In general, the answer to this is ‘no’. However, there are some specific exceptions that might apply in your case. I’ll get to those possibilities shortly, but first it is important to clarify the main issue at hand.
First, like other professionals I do not work for free and I expect to be paid fairly for my time and efforts. To protect everyone’s interests I require a formal (signed) work agreement between the parties; specifically the client and myself. An estimate of costs will be provided before the agreement is finalized, and before actual work begins. Finally, I require a deposit payment to be made before I commence work.
Further to this, I will be officially retained on a matter only after the agreement is signed and received at my office, and after the deposit payment has been made.
Second, there is no way to form an opinion until the work is actually done. At best, it is possible to assess potential limitations to determine what material will be required for an effective examination.
Please understand that no qualified document examiner will ever give an opinion after simply ‘eye-balling’ something; that isn’t how it works. I provide top-quality service and my reputation rests on providing the best possible analysis and opinion.
Third, most people come to me with their own opinion on a matter. That’s understandable, but my professional opinion must be, and will be, based on a detailed review of the evidence. To that end, I will conduct a complete examination and comparison before I reach a final conclusion and give you my opinion. The outcome may or may not meet your expectations or conform to your belief, particularly if you are looking for something particular or specific.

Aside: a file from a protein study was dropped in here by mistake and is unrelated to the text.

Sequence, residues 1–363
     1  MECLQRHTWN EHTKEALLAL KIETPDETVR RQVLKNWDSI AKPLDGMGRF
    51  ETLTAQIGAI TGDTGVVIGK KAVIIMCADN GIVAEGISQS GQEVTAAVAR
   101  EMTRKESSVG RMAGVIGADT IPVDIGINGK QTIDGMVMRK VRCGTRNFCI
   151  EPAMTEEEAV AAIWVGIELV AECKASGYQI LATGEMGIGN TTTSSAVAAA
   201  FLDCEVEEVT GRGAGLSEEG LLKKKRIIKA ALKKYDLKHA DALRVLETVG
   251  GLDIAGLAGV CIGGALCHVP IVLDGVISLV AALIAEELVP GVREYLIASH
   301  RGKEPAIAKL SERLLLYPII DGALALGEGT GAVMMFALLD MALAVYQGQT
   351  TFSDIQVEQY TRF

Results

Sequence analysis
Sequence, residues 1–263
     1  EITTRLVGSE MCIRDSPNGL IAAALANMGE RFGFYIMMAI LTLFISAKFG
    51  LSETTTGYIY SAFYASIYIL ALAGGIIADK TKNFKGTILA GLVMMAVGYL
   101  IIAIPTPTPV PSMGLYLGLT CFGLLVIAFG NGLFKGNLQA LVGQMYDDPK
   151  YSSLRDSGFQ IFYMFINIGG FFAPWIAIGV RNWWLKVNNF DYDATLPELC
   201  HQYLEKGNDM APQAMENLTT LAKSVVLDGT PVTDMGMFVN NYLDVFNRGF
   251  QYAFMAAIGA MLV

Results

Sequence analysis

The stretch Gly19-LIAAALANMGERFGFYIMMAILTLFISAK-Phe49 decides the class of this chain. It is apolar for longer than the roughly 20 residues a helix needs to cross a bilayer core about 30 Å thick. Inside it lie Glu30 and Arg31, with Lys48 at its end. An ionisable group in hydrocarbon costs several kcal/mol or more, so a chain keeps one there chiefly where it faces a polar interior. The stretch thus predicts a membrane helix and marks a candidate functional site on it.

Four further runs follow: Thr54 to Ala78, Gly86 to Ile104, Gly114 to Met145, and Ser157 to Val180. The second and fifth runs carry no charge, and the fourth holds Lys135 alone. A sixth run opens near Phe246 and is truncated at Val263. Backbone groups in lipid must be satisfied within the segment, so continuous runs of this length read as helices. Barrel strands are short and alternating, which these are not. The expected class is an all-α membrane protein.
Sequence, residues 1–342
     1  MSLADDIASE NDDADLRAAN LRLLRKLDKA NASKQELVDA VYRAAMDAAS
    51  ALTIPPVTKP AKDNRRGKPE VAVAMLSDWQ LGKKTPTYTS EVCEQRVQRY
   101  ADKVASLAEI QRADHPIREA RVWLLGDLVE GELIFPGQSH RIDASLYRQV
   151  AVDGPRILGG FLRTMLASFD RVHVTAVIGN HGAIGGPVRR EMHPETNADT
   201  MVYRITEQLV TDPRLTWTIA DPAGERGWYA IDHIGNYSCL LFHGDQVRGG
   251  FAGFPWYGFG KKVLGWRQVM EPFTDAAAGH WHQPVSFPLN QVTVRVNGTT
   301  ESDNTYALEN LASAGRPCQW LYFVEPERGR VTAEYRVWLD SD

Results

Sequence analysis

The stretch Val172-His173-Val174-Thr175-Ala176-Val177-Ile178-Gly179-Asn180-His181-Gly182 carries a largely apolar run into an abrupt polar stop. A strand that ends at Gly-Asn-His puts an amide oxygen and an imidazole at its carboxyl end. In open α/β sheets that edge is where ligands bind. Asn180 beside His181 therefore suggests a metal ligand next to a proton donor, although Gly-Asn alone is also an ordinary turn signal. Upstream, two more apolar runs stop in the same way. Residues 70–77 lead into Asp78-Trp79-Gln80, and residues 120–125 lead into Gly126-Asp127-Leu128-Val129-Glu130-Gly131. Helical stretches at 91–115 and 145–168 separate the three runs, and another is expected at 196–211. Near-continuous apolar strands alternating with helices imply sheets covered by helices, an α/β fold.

It is critical to understand the duty of an expert is to provide impartial and unbiased information to the trier of fact so that they can determine what the evidence means. I guarantee the quality of my work but that guarantee does not extend to providing any particular outcome or opinion. That is not how it works.
For all these reasons, please do not expect me to provide my opinion without first doing a proper and complete examination.
Now, there are times when a “pre-submission review” of a case submission might be acceptable. Specifically, this might be done to conduct a proper assessment of the material in situations where the matter is complicated, confusing, or it is unclear whether the material you have will be adequate.
As a rule, I provide a work estimate based on a general description of the items and the questions you need answered. Unfortunately, that means there is always some uncertainty in the quote. Hence, from time to time a preview of the material (i.e., pre-submission review) will allow a more precise estimate of the time required or the costs involved so that the estimate is more accurate.
At the same time, please note this is not a “quick look” intended to provide any sort of opinion. No actual examination will happen until my services have been formally retained, and the retainer fee has been received and acknowledged. In other words, any pre-submission is limited to a determination of the type of work to be done, the time required, and a final estimation of costs. A “pre-submission” review is not an examination and will not result in a final, or even preliminary, opinion.